Los Angeles, CA – Imagine attending a graduate school class while traveling on a business flight from Los Angeles to New York. That’s what attorney Michael Campolo often did while completing his LL.M. degree at Southwestern Law School. As Vice President of Labor Relations at Fox Group Legal, he wanted to obtain as much knowledge related to entertainment and media law as possible in a short duration of time. At Southwestern’s 2012 Commencement ceremony in May, he was a member of the first class to graduate from the new Entertainment and Media Law LL.M. Online Program.

In a world of mass market entertainment, globalization and 24-hour news cycles, it has become essential to meld traditional education with technology, both on and off campus. Through its Donald E. Biederman Entertainment and Media Law Institute, Southwestern was the first law school in the United States to establish an LL.M. in Entertainment and Media Law in 2002. The program is designed to prepare the next generation of effective and talented entertainment, media, and intellectual property lawyers. The 2010 launch of the Entertainment and Media Law LL.M. Online Program provides the opportunity for students to attend these classes from anywhere in the world. In partnership with Kaplan Legal Education, Southwestern’s  LL.M. also became the first online program in entertainment and media law.

San Diego-based solo practitioner Brandon S. Sand knew he made the right choice to pursue his LL.M. degree online. “I chose Southwestern because of its reputation for having a fantastic entertainment law program,” he said. “My interest in intellectual property and entertainment law was initially piqued while attending law school for my J.D. After researching programs to further my studies, there was no competition. Southwestern was the right choice.”

The program gives attorneys worldwide the opportunity to benefit from the talent and expertise of Southwestern’s Los Angeles-based faculty. With the diverse and evolving challenges of the Digital and Information Age, the entertainment and media industries  are more complex and exciting than ever before and present a myriad of opportunities for attorneys who practice – and aspire to practice - in these fields. 

Campolo’s Southwestern experience exceeded his expectations. “I have enjoyed the fact that I use some pieces of information from the program on a daily basis in my professional work,” he said. “I had no idea how much relevant information I would receive in the program nor did I fully appreciate how I would immediately apply the knowledge I gained.”

Online courses are broken up into 15-week modules. While they are encouraged to stay on the most current module, students have the option of doing course work at their own pace. This creates significant flexibility, especially when one strives to keep ahead in the program. Each module has reading assignments, lectures, and often extra resources such as video clips, web resources, etc. Additionally, many modules have some form of quiz/written exam.

Periodically, live classes are scheduled where students have the opportunity to interact with professors in a chat room with live sound. “I have found these sessions valuable since they always provide additional insight and more in-depth analysis of the current topics,” Campolo said. But he also appreciated the chance to get ahead or catch up when he needed to. He explained, “Having the ability to log in at any time of the day to listen to lectures and receive feedback was of critical importance to me.”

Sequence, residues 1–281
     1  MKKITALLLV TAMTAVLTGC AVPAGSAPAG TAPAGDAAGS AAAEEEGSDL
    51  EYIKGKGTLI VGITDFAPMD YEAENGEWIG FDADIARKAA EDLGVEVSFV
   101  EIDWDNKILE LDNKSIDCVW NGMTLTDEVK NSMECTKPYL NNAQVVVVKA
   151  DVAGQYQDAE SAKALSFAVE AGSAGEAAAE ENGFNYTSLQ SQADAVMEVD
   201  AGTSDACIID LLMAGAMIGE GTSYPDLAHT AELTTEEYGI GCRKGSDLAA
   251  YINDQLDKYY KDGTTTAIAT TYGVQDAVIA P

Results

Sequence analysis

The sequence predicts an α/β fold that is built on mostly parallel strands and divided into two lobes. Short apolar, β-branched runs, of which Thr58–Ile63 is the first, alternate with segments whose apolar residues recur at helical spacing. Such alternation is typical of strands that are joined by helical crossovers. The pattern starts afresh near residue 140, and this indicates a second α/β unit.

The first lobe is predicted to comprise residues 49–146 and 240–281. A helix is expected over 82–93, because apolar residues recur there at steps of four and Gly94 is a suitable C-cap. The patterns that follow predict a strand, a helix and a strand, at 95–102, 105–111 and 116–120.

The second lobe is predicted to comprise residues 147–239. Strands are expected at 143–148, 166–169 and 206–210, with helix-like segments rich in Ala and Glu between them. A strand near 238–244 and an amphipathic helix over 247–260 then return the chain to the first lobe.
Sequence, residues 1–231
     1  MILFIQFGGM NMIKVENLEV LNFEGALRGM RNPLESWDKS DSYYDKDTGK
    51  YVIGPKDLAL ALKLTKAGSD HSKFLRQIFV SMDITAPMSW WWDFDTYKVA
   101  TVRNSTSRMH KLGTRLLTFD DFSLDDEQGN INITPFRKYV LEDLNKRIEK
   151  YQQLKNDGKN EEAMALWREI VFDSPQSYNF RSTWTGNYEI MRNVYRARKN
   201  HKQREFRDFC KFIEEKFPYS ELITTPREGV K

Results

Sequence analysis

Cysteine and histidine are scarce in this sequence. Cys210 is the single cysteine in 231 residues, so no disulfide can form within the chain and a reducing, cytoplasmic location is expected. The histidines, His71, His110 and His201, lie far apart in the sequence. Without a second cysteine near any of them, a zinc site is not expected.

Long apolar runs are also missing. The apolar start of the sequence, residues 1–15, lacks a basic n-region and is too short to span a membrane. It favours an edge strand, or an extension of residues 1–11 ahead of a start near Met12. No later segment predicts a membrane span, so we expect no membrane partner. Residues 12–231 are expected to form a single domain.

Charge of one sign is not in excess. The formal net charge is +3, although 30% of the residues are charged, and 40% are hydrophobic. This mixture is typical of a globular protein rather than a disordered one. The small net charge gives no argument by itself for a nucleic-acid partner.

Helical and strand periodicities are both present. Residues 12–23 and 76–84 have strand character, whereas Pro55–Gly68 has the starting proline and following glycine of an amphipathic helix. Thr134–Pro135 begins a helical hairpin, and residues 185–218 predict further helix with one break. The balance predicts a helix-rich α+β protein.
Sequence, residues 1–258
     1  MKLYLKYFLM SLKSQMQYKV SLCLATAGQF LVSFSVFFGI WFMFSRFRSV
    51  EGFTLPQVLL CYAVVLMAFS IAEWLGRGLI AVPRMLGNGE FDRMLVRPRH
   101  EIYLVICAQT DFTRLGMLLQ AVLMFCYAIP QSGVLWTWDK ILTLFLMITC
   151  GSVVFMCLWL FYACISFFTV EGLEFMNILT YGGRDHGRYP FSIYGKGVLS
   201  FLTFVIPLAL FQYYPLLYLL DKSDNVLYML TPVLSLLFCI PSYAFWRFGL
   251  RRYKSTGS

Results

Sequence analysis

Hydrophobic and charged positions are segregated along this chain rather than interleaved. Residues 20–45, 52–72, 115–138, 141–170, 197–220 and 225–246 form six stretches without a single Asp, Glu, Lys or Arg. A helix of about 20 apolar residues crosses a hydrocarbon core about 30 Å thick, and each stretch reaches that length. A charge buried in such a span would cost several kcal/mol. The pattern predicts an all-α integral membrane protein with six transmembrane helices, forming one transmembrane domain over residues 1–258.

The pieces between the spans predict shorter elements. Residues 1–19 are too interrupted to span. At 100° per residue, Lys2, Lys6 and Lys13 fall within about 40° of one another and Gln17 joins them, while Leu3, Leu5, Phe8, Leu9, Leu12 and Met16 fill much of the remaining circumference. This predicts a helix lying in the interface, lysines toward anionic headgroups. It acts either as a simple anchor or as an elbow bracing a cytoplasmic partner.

The chat room also functions as a whiteboard so that the professor may bring in course materials. If a student cannot participate in a particular live class due to scheduling conflicts, the class is available as an audio/visual presentation for viewing at a later date.

Drawing on the resources and activities of the Biederman Institute, Southwestern has an outstanding entertainment and media law faculty. Students in the Entertainment and Media Law LL.M. Online Program interact with these professors in a virtual classroom in which materials are more quickly updated, and the array of visual and audio works used by professors help make the online classes directly relevant to the issues. “My favorite class was Internet and E-Commerce Law with Professor Michael Scott,” Sand said. “I found the course material to be extremely enjoyable and valuable. No matter what area of law an attorney may practice, Internet issues will arise. This course covered a broad range of stimulating topics that have already benefited me in my practice.”

Southwestern has partnered with Kaplan Legal Education (KLE) for the optimal online law student experience. The KLE proprietary Learning Management System (LMS) is an online delivery system developed specifically to support a robust and interactive legal education. Each student receives a customized home page to access their courses and connect with all the people, services, and administrative offices in Southwestern’s virtual hallways.

Now that these lawyers have completed their Online LL.M. programs at Southwestern, they hope to take their respective careers to the next level. “I hope to transition from solo practice to an in-house position where I will have the opportunity to work on the diverse entertainment issues that the program has trained me for,” Sand said.

Although Campolo is quite satisfied in his current work situation and would simply like to grow and learn more, he also wants to help aspiring independent documentary filmmakers work their way through the complexities of the industry. “I think that law school certainly provides for the nuts and bolts required for the practice of law,” Campolo said. “Whereas, an LL.M program provides for a much deeper concentration and understanding of a particular area of law, and I think it is worth every bit of effort.  I give the program an A+.”